Tuesday, October 20, 2009

Where are the electric compliments?

Andrew D Atkin

-The best form of hybrid is two separate cars.

What I have crudely drawn is a schematic of what I believe would be a good car to compliment the standard petrol 4-seat car that most people own.

It has these characteristics:

-Cheap to buy, safe (due to the 'roll cage' style design), excellent handling, very convenient to use, extremely cheap to run around town and dead easy to operate.

However, my hypothetical car is not completely weather proof, only takes one person, cannot go faster than 80km/h and only has a range of 60km before the batteries have to be recharged. This is why it would be bought as a compliment and not a replacement to your traditional 4-seat petrol driven car.

So is it worth it? Is it worth buying this completely stripped-back electric car (for probably less than NZ$8,000 new, if mass-produced) for the advantages? For a very large portion of the market a vehicle like this would rapidly pay for itself, because if it is used for the times when you don't need to use your traditional car (and this car could substitute about 80% of most people's trips) then your traditional car could last a literal lifetime, with 80% less repair and fuel bills.

What I am suggesting is that people adopt a "tool kit" relationship to their cars. Rather than having an expensive and inefficient one-car-to-do-it-all car, why not just have an ultra cheap car to compliment your traditional car, so that you can only use the "big tool" when you actually need it?

It makes sense to me that we should be marketing electric compliments if we are serious about improving transport efficiency, and reducing carbon emissions. This is where we can get by far the biggest bang for our buck from vehicle design. However, we instead only ever seem to hear about gimmicks such as the Toyota Prius, which most people cannot afford and are no way near capable of the transport efficiencies that can be achieved with an appropriately designed electric compliment.

I believe there is one good reason why practical electric compliments don't seem to exist, and are not mass-produced. If they did exist and they were highly popular (and they surely could be popular if people found them to be fun and easy to use), then they could devastate much of the auto industry as it stands today.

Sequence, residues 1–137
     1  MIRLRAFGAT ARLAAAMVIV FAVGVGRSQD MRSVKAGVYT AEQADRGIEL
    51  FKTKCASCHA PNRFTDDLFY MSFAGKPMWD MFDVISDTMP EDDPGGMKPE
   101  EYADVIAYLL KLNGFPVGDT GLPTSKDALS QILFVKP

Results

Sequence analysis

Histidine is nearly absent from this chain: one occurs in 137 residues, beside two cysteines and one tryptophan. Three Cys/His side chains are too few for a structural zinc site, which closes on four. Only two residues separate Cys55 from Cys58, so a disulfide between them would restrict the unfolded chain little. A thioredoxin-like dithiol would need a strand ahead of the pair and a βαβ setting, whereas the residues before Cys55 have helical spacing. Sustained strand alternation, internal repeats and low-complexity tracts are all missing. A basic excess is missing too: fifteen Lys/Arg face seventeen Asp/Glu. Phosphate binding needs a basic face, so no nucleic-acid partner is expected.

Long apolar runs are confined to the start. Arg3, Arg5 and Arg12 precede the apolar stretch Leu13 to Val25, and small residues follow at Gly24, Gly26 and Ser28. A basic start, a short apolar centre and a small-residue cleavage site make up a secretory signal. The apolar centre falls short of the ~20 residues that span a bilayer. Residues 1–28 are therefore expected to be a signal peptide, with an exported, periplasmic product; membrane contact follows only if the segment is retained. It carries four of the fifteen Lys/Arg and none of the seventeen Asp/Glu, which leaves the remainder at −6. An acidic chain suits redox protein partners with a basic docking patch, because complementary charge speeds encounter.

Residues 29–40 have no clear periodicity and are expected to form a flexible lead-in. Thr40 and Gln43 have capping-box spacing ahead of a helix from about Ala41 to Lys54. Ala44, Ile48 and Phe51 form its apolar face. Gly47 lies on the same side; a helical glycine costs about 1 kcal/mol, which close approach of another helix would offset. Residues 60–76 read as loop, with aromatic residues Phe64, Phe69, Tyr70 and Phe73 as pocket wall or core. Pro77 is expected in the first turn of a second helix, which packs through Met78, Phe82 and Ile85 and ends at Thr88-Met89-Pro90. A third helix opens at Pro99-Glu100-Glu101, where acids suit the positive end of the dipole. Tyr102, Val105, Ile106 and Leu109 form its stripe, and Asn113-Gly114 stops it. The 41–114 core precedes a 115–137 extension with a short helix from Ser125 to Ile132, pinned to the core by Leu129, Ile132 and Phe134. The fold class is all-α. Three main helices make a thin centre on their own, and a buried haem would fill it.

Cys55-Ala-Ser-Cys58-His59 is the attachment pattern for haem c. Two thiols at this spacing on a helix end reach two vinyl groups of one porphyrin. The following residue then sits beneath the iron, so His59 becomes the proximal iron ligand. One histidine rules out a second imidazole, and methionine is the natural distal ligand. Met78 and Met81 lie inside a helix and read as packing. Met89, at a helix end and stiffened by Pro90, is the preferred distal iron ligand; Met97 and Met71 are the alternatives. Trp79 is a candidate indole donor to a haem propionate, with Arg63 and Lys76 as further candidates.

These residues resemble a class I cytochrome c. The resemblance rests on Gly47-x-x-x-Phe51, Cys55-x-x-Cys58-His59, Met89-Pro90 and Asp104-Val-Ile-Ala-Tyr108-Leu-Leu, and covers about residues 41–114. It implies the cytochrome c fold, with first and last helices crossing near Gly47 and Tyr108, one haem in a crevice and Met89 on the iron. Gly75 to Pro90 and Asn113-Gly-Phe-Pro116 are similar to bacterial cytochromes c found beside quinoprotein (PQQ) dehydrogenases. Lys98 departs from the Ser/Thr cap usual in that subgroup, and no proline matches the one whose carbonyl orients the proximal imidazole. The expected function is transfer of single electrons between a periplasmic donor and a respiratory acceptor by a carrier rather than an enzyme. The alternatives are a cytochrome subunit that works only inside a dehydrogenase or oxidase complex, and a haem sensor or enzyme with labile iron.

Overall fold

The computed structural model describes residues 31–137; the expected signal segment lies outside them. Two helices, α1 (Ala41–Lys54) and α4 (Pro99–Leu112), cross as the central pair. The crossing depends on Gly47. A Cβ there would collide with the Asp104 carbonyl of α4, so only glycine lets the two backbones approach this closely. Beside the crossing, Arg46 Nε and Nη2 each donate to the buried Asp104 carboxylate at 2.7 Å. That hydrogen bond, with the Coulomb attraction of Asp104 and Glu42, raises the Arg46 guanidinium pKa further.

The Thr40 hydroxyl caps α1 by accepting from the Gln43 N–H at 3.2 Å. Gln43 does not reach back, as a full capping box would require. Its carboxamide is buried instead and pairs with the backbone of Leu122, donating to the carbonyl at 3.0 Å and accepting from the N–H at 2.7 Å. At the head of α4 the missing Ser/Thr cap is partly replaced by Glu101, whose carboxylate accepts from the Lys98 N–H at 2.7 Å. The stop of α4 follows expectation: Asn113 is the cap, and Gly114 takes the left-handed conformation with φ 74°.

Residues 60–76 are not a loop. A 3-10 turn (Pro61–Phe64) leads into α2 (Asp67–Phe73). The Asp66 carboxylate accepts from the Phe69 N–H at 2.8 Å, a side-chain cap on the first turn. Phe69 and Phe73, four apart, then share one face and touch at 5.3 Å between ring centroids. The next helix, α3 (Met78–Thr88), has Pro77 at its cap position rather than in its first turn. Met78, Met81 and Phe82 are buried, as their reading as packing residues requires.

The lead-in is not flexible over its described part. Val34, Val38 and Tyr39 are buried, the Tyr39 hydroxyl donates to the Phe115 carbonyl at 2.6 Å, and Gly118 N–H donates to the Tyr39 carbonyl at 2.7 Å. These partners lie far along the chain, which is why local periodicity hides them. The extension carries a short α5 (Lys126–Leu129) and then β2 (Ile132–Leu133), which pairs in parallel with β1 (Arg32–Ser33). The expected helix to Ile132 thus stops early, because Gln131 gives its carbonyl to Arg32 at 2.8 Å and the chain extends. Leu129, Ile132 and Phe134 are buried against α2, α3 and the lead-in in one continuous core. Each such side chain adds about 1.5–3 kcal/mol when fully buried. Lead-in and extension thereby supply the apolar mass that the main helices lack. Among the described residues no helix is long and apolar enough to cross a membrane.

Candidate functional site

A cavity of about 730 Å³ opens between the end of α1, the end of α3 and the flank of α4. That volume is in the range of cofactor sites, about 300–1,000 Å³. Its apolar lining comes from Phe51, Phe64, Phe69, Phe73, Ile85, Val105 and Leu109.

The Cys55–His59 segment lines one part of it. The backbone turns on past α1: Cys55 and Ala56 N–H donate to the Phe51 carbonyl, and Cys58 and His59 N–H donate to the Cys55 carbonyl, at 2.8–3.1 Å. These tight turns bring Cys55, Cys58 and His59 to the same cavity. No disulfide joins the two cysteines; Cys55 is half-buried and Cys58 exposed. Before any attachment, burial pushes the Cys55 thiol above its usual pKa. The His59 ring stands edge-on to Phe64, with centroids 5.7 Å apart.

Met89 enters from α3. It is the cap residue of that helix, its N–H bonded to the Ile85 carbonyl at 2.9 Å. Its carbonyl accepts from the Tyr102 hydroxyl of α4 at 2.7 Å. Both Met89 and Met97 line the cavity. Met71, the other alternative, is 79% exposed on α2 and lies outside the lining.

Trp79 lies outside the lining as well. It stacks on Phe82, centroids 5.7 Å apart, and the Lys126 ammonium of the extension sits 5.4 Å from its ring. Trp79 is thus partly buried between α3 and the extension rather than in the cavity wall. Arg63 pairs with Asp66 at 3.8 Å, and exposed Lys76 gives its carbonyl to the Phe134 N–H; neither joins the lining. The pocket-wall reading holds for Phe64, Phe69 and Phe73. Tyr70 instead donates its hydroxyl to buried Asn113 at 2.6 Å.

Sure, an electric compliment cannot replace the need for a traditional car for most people, but it can certainly reduce the demand for traditional cars. Likewise, a major reduction in demand would, on its own, create a chronic glut of traditional cars and in turn cripple the existing auto industry until it contracts to the new (reduced) demand levels for traditional cars.

The giant counterparts of the auto industry have good reason to suppress or delay the development of highly effective complimentary cars. So, I would not be surprised if the highlighted concern is the real reason why we aren't all getting around in simple, cheap electric compliments today; and why the auto industry keeps on going on about the range problem of batteries, as though any car that we buy has to be able to do everything we would ever need on its own (nonsense!).


Update: 28-7-13:

This is the TWIZY. It's basically exactly what I have suggested, as an ideal electric compliment. It weights about a quarter of a standard car, and for normal urban operation would be about 5-8x more efficient. The application of the doors would make it considerably more efficient for 80_km/h driving. No windows means it will be very stable in response to side wind gusts.

The TWIZY has been on sale for a little over a year, and is already the top selling plug-in electric car in Europe.

If the price of fuel goes through the roof - so will the sale of cars like the TWIZY. Obviously we do not need to reinvent our cities, and force everyone onto public transport (which is 5 to 10x more energy intensive than a TWIZY) in the name of "peak oil" or reducing carbon emissions.


  1. Electric cars are a suppressed technology. As well, if we re-engineered our society, we could cut down travel quite a bit and use trains more as well. Cars are way out of hand in the USA. We are a spoiled extravagant bunch here. We got this country wide open and fairly undeveloped so we just went form horse to car without much train development whereas in Europe, everything was so developed that cars had little to no room to grow.

  2. Well, looks like Nissan made my idea anyway.


    1. Well done, Andrew, you ruined their patent opportunities. Maybe Nissan is begrudgingly preparing for Google's onslaught of tiny electric driverless freight vehicles. When those little ankle-tappers start to flood the streets, we will see major shrinkage not only in the car manufacturing industry, but in many other industries as they give way to the giant, fully automated factories that will happily deliver their products (including fresh food) to our front doors. I think traditional cars should be banned from our roads within ten years, or whenever the automated snowball effect kicks in.

    2. Don't worry, Richard. I'm pretty sure you can't patent a design philosophy. At least not on the level that I publish them.